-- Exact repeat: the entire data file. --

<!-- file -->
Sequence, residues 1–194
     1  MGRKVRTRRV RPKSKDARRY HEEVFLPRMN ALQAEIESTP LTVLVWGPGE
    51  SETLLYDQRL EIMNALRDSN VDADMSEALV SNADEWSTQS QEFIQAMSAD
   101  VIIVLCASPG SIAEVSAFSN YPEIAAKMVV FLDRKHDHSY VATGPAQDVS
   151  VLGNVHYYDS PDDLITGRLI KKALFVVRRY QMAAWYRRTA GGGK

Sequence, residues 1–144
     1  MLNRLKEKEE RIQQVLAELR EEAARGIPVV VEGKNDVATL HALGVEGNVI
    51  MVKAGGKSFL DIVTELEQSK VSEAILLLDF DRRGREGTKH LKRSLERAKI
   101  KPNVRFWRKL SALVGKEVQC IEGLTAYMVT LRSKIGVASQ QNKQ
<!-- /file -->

Sequence, residues 1–194
     1  MGRKVRTRRV RPKSKDARRY HEEVFLPRMN ALQAEIESTP LTVLVWGPGE
    51  SETLLYDQRL EIMNALRDSN VDADMSEALV SNADEWSTQS QEFIQAMSAD
   101  VIIVLCASPG SIAEVSAFSN YPEIAAKMVV FLDRKHDHSY VATGPAQDVS
   151  VLGNVHYYDS PDDLITGRLI KKALFVVRRY QMAAWYRRTA GGGK

Sequence, residues 1–144
     1  MLNRLKEKEE RIQQVLAELR EEAARGIPVV VEGKNDVATL HALGVEGNVI
    51  MVKAGGKSFL DIVTELEQSK VSEAILLLDF DRRGREGTKH LKRSLERAKI
   101  KPNVRFWRKL SALVGKEVQC IEGLTAYMVT LRSKIGVASQ QNKQ